With advances in glazing technology, modern buildings tend to be bright, spacious interiors that are quiet, comfortable in temperature and efficient to heat, differentiating them from their historic counterparts.
The opening of the David Attenborough building in Cambridge is a recent example of this. Owned by the University of Cambridge and housing the Cambridge Conservation Initiative and the Museum and Department of Zoology, the building was originally completed in 1971 in the brutalist style popular at the time.
As one of the poorest energy performers in the university’s estate thanks to single-glazing and a lack of insulation, when refurbishing, the main goals of the architects were to improve accessibility, openness and energy performance of the space. As a result, glazing played a key role in achieving these aims.
A new atrium has been created in the centre of the building, descending through four floors, with the aim of helping light flood deep into the main body of the existing building. Double-glazed units comprising two panes of heat-strengthened Pilkington Optilam clear laminated glass were used on the roof.
The atrium contains a stairwell surrounding a fully glazed lift shaft, therefore allowing light to pass down through the space. The new three-storey-high interior living wall featured on the building is then illuminated.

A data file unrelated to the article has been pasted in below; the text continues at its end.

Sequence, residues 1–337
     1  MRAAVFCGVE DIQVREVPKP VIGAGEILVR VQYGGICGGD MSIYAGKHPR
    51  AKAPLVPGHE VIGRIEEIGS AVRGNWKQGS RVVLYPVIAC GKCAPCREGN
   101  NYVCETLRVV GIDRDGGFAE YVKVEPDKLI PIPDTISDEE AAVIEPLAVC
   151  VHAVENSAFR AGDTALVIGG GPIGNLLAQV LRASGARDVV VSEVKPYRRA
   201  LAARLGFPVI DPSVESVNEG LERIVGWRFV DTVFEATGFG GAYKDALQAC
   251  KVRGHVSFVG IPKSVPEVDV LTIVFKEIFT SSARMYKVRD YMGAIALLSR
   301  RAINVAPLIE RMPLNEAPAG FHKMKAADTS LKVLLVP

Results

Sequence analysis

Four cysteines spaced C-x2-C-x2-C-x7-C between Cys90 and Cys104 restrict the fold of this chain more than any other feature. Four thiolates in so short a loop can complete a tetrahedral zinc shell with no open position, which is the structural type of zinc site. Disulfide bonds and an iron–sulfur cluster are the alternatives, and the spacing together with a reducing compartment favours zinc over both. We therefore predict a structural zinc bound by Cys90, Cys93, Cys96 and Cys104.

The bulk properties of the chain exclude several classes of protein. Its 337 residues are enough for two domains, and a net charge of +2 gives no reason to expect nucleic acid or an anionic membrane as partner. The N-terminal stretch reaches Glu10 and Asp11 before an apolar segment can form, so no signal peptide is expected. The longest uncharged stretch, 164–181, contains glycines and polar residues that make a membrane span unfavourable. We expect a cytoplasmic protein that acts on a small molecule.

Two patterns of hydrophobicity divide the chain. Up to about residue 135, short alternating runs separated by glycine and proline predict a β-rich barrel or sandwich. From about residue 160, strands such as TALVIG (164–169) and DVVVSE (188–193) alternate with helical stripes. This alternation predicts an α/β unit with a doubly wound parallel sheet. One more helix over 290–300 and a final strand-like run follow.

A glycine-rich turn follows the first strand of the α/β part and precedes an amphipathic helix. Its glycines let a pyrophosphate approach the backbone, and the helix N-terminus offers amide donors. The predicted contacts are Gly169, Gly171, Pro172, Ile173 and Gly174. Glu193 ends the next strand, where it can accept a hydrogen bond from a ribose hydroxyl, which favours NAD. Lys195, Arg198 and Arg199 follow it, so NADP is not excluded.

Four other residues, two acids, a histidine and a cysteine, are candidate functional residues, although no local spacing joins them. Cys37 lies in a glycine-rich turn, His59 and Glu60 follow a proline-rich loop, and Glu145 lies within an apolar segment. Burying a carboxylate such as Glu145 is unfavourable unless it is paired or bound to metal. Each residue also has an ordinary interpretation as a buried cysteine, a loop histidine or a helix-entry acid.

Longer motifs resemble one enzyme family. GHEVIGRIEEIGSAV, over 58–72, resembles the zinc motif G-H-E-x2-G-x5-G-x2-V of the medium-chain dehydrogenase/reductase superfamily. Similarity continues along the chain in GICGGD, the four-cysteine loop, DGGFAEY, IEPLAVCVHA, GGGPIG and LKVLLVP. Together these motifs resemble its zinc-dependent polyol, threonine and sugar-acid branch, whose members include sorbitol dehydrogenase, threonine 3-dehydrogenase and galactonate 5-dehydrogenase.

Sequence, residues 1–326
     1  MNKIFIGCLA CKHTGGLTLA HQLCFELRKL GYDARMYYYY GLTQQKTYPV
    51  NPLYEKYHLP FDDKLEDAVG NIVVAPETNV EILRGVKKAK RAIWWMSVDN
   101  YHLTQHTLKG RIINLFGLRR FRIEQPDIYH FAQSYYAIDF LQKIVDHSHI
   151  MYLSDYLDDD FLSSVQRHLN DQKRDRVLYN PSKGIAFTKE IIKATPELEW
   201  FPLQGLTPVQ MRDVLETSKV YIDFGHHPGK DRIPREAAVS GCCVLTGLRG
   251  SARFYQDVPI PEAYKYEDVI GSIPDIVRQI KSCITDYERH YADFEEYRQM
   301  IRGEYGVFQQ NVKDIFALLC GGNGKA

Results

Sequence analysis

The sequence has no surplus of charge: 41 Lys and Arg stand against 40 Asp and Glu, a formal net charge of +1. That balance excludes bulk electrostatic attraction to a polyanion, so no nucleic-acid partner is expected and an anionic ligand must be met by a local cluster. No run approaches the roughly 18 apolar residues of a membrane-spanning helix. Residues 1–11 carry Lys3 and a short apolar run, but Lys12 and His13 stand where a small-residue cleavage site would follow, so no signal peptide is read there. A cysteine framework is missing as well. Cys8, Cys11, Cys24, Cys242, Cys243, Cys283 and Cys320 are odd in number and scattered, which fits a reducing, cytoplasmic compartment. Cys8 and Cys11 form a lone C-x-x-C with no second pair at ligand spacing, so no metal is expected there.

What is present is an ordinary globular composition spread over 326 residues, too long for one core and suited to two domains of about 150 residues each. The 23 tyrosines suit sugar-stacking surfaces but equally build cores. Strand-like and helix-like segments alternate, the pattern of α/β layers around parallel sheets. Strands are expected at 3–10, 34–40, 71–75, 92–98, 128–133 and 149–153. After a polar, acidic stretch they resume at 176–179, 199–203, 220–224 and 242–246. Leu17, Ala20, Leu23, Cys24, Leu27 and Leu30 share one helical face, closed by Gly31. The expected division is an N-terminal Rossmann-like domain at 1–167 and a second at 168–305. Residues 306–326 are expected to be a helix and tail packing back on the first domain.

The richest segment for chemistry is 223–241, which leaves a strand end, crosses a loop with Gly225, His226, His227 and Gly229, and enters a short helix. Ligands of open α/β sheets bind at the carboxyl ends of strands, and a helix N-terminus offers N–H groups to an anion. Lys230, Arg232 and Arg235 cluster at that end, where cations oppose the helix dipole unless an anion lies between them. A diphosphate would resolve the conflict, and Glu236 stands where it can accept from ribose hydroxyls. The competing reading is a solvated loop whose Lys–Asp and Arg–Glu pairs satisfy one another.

Due to the location of the glass in a key entry and exit route, it needed to meet strict regulations for fire protection. Pilkington Pyrostop was used to address this, a product which has been tested to maintain integrity for 60 minutes and provide 30 minutes’ insulation rating in the event of a fire.
Therefore, occupants are protected from spread of flame, smoke and gas and the heat protection allows time to safely evacuate the building.
A double-height glazed extension at the front of the building has changed the way that visitors enter the museum, with a new entrance. In addition, the new extension space links to a new cafe and also houses some exhibitions from the Zoology Museum.
The amount of solar energy entering the building is reduced while maintaining a high level of clarity for visible light due to the Pilkington Suncool 66/33 coating, featured on the outer pane of the roof light.
The glass surrounding both the existing building and the extension also featured the same coating. These units featured an outer pane of 6mm glass and an inner pane of 10mm Pilkington Optifloat Clear glass, sandwiching a 20mm cavity.
The acoustic performance of the glass is improved by the relatively large cavity, as well as providing excellent thermal insulation.
Pilkington UK Ltds commercial sales manager, Michael Metcalfe said the architects had turned a rather intimidating building in to an inviting place whilst bringing the facility up to date in terms of its energy performance.
Pilkington United Kingdom Limited,
WA9 5 DZ
Phone: 01744 692000
Fax: 01744 692569
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